- scroll to ‘Undo Send’ (fifth item);
- use the ↕️ arrows to select time;
- scroll to bottom of page;
- click ‘Save Changes’.
Users should be aware, if they are one of those who find the pop-up irritating, extending the display period will obviously result in the pop-up remaining on screen longer.
Again, the issue of erroneous actions when tired, distracted, etc. need to be considered. In this instance it is the accidental deletion of an e-mail (message). Thankfully Gmail have given this some thought. When deleted the e-mail is automatically labeled ‘Trash’ or ‘Bin’ depending upon which version of Gmail is in use. Unless the user manually empties the bin or trash the message is retained there for thirty (30) days. During this period it is possible for the message (e-mail) to be recovered.
Recovery is a simple affair. The user just has to:
- access their ‘Trash’ or ‘Bin’;
- find the e-mail;
- open the e-mail;
- click on the ‘Move to’ icon (folder with →);
- select the appropriate label.
In the previous article, referred to above, it was suggested when busy, users may like to un-clutter their inboxes by temporarily archiving an e-mail. This remains relevant in older versions of Gmail. However, in more recent versions Gmail has introduced a useful facility know as ‘Snooze’. The following extract from Gmail Help explains:
‘Postpone emails and temporarily remove them from your inbox until you need them.
Your email will come back to the top of your inbox when you want it to, whether that’s tomorrow, next week, or this evening. You can find your snoozed items under Snoozed in the Menu.’
To snooze an e-mail users simply have to:
- open the e-mail;
- click on the clock face icon above the display;
- select the date and time when they wish the e-mail to be brought back.
Reminder: This facility is only available with the newer versions of Gmail. (Not available with Classic Gmail).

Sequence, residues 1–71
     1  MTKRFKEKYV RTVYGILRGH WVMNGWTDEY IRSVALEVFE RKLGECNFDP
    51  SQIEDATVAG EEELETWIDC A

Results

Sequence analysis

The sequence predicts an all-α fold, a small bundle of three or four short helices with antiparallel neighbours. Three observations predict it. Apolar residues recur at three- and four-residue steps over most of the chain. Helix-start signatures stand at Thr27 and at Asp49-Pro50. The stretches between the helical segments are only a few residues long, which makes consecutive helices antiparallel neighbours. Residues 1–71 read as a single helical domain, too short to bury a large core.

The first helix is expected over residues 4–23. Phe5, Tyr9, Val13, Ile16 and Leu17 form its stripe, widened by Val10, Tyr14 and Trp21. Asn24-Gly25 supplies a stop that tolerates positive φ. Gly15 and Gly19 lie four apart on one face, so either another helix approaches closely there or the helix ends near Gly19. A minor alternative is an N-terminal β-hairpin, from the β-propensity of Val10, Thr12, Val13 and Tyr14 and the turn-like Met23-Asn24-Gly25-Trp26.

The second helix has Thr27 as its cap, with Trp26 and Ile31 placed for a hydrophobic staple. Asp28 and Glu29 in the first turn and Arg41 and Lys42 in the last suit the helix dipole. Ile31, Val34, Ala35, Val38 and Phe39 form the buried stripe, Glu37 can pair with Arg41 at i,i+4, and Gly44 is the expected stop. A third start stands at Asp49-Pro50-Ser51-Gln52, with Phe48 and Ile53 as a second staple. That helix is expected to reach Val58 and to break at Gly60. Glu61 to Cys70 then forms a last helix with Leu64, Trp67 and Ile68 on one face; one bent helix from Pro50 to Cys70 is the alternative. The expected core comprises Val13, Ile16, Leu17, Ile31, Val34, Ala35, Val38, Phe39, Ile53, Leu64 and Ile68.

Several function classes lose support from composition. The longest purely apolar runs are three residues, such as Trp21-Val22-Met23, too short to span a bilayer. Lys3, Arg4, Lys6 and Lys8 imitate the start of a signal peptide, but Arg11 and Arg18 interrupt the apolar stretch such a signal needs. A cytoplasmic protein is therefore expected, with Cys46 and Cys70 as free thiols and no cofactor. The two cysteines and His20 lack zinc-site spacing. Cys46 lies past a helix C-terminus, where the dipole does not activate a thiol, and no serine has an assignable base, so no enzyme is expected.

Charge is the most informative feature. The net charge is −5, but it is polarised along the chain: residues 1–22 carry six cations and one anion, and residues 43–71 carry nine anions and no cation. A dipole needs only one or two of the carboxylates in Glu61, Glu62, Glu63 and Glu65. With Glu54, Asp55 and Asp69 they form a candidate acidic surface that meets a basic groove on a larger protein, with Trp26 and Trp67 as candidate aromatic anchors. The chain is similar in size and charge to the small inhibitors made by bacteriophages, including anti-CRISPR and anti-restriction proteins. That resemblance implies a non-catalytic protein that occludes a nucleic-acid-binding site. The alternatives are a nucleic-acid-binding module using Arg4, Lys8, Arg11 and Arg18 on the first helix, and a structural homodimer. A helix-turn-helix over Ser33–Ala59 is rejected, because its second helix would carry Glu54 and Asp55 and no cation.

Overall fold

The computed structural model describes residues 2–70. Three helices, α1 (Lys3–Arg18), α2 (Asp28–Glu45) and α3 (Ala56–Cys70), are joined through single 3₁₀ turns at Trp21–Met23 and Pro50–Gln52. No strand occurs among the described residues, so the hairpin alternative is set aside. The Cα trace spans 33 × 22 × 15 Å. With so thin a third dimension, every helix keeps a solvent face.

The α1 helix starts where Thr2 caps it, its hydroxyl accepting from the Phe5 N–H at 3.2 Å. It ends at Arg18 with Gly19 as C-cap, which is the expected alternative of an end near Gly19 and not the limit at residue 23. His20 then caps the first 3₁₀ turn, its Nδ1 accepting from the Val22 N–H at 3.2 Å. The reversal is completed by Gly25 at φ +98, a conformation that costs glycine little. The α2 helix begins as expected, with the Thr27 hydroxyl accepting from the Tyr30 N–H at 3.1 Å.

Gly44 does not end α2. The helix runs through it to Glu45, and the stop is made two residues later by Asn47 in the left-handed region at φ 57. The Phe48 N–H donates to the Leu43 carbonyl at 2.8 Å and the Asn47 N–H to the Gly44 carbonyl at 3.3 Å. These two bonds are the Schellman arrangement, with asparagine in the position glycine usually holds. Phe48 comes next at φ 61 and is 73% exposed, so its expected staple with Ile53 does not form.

It is obvious, even if the resolution reached is not liked or appreciated, Gmail have given due consideration to various elements and functionalities in an endeavour to provide users with the best possible experience.
They do appear to take note of customer comments and suggestions even though it may take a while before any action or resolution is seen. It needs to be remembered how large a company Google is, of which Gmail is but a part.
As already mentioned there is far more to Gmail than may be effectively discussed within one or two articles. It is hoped readers will find the elements covered in this and the previous article helpful.
More information may be found within the official Gmail Help and in the Help Forum (where customers may post enquiries and discuss topics). Readers should be aware, with the latter, it sometimes requires trial and error of different search terms and can take a bit of searching through to find relevant discussions. They should also note there will not always be an answer or a solution.
Disclaimer: Beside being users of the system, neither T. R. Robinson Publications nor T. R. Robinson have any affiliation with or to Google. Nor do either receive any remuneration for referring to or mentioning them or their subsidiaries.